May 6, 2016
The Ontario government’s goal of reducing auto insurance rates by 15 per cent is clearly not in the best interest of people who get in a car accident, says Toronto personal injury lawyer Kevin Marshall.
Instead, he says the accompanying changes to injury guidelines are “to the benefit of insurers and to the detriment of insured persons.”
It’s just the latest in what he calls the all too frequent legislative changes with regards to car accidents that continue to leave both plaintiffs and their lawyers “exceptionally exasperated,” says Marshall, of Kevin Marshall Personal Injury and Employment Law.
“It’s really quite astounding because our government continues to brag about how 'progressive' it is, how it represents the interests of disadvantaged groups, and yet, under its watch, the interests of disabled persons have been harmed. For example, the Minor Injury Guideline has been expanded into a one-size fits all policy, which does not reflect human experience in all cases,” Marshall tells AdvocateDaily.com.
Even if someone doesn’t break bones or has a spinal injury, they may have long-standing soft tissue injuries, often complicated by psychological impairment, Marshall says.
“But what is really disappointing is the government has now turned its attention to the other end of the spectrum with catastrophic impairments,” he says, referring to permanently debilitating injuries, such as spinal or brain injuries. “Now they’re tightening up the guidelines dramatically and making it easier to deny claims for very serious injuries.”
The end result is increased difficulty for Ontarians looking for a successful claim in a motor vehicle accident.
At the same time, the Ontario government has only been able to reduce insurance rates by roughly half of its goal of 15 per cent, the Canadian Press reports.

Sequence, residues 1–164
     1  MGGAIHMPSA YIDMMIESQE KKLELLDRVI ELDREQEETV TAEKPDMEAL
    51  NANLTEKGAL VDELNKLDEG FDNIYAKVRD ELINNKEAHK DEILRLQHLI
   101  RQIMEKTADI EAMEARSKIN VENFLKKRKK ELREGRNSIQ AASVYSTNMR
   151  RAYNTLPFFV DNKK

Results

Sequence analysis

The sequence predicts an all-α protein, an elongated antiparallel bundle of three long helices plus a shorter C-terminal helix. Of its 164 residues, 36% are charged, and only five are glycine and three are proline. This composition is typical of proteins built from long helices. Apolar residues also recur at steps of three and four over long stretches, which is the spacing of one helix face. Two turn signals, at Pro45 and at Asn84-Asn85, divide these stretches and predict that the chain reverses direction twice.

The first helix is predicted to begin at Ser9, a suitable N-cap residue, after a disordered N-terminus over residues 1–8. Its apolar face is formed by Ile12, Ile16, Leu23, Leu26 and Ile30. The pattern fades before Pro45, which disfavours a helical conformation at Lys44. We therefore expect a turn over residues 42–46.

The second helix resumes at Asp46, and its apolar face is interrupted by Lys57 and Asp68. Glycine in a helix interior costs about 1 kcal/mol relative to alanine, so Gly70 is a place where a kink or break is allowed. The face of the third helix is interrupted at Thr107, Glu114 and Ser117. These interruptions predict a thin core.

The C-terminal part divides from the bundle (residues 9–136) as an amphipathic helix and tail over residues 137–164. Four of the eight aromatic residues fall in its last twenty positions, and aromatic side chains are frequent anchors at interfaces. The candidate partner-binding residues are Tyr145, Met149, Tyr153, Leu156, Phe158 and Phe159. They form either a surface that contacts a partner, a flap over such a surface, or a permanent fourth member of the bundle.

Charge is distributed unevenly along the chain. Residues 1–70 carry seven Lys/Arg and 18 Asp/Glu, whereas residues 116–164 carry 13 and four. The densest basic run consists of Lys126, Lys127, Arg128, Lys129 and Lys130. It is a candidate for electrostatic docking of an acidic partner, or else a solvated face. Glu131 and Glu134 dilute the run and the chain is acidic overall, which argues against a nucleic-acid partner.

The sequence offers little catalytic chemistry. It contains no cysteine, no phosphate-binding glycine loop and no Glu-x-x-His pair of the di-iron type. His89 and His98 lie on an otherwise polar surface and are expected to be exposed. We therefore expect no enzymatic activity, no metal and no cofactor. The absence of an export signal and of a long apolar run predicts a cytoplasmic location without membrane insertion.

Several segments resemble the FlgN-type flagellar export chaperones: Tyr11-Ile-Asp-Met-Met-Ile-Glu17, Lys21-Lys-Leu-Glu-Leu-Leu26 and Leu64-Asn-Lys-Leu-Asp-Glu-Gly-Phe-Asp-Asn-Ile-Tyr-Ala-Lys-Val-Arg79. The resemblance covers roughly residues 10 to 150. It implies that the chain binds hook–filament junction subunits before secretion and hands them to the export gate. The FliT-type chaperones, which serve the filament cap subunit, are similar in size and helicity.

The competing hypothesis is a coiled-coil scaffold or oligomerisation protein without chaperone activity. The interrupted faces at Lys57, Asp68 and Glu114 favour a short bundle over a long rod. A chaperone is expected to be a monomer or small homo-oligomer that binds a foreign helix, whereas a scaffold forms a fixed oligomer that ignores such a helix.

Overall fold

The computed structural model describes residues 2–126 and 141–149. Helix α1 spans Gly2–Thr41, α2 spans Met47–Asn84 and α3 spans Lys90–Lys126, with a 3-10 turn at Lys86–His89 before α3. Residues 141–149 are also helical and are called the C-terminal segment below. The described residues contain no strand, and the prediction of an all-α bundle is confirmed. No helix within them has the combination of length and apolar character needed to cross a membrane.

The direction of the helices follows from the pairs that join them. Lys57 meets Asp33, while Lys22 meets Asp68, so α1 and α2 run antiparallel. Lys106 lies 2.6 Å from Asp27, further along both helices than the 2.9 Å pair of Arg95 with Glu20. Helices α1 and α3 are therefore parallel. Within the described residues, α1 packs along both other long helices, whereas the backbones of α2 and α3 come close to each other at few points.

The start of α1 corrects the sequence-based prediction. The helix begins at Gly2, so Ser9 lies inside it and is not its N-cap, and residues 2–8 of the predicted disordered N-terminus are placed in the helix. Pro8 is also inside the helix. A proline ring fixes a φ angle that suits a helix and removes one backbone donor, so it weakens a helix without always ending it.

Premier Kathleen Wynne has called the target a “stretch goal,” after the latest data from the Financial Services Commission of Ontario (FSCO), for the fourth quarter of 2015, showed that approved rates decreased on average by 0.15 per cent, putting the decrease at an average of roughly seven per cent from 2013.
Marshall says it’s frustrating when the government seeks the savings by essentially asking the insurance industry how to save money, while the insurance industry blames plaintiffs' lawyers for “cranking up the costs” even for weak claims.
“It’s an absurd statement because no plaintiff’s lawyer is going to take on a non-meritorious claim, especially the way the rules are set up to the advantage of the insurance industry.”
A new tribunal coming into force this spring is also causing concern for plaintiffs’ lawyers.
The Licence Appeal Tribunal will become the new venue for the dispute resolution section of the Financial Services Commission of Ontario starting this spring, which is also a concern for plaintiffs' lawyers.
I worry about the lack of experience among newly hired employees, and many lawyers are trying to get their claims before the FSCO before the change takes effect.
“It’s not inspiring a lot of confidence,” he says. “There’s a lot of frustration from plaintiffs' lawyers.”